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Evolution of the Longest Frame House in America

Stretching over 300 feet in length, longer than a football field, Sherwood Forest is the longest frame residence in America. Its history spans almost four centuries and details the evolution from a modest 17th-century English house once owned by William Byrd and a part of the Minge family's "Creek Plantation," to a substantial 19th-century Big House, complete with surrounding plantation yard and cultivated fields.

Here's how the plantation evolved:

Circa 1660 English basement and detached kitchen/laundry built during the Colonial era, part of the early westward expansion in the colonies. The first house was probably destroyed circa 1700-1720.

Circa 1720-30 The second house, built over the original basement, resembled a three-story English Georgian townhouse and included detached plantation dependencies, building upon whose "work" the plantation was dependant.

Circa 1780 Main house was balanced by the addition of a three-story wing, connecting the main house and dependency.

Circa 1800-1830 Law office/overseer's office constructed. Originally, this structure served as a "garconnier," a separate house for the planter's sons and their servants. The addition of a parlor and a nursery provided symmetry for the central northern portion of the house.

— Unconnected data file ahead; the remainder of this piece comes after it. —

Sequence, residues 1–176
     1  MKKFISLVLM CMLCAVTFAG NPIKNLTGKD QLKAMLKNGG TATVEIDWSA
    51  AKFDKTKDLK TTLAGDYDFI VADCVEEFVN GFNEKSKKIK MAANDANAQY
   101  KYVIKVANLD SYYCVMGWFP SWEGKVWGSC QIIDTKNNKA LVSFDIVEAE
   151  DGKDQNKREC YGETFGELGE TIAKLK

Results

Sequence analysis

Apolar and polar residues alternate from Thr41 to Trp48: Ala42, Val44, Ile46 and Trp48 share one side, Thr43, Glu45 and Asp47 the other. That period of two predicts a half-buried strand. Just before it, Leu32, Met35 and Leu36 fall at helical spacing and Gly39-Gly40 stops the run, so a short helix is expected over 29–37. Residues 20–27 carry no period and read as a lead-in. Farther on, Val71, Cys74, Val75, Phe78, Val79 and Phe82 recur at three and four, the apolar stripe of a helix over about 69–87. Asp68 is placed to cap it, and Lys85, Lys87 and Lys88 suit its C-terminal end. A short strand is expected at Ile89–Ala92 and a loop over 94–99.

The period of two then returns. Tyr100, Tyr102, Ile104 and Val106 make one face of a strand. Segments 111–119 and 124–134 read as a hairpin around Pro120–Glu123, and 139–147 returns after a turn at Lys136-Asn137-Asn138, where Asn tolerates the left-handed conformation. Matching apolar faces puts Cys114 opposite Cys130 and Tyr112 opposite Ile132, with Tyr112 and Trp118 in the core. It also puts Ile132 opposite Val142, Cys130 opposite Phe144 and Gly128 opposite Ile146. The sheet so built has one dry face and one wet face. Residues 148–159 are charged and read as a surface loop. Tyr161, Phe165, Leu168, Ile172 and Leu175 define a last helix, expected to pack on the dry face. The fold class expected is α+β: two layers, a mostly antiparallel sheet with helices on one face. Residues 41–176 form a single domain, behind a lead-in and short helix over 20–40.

1842 President John Tyler bought "Walnut Grove" from Collier Minge, his cousin and a local planter, and renamed the plantation "Sherwood Forest," as he likened himself to the story of Robin Hood regarding the Whig party.

1844-45 Ballroom, designed by President Tyler for the Virginia Reel, built with hand tools by skilled plantation laborers.

1845 Colonnade added to connect the main house with kitchen/laundry, creating five storage rooms and a "whistling walk," a long, narrow hallway, to allow access from the Big House to the kitchen.

During President Tyler's final stage of renovation in 1845, Julia Gardiner Tyler was influenced by the popular Greek Revival style, which led to the decision to add the porches, pilasters, cornices and ornate medallions designed by New York architect Minard LeFever.

By attaching the kitchen/laundry and garconnier to the main house, Tyler sought to modernize Sherwood Forest according to the local building method. Sherwood Forest became an example of a typical Tidewater Virginia plantation and a type of building style, known as the "Big House, Little House, Colonnade, Kitchen," however, it remained unique because of its mirror-image symmetry.


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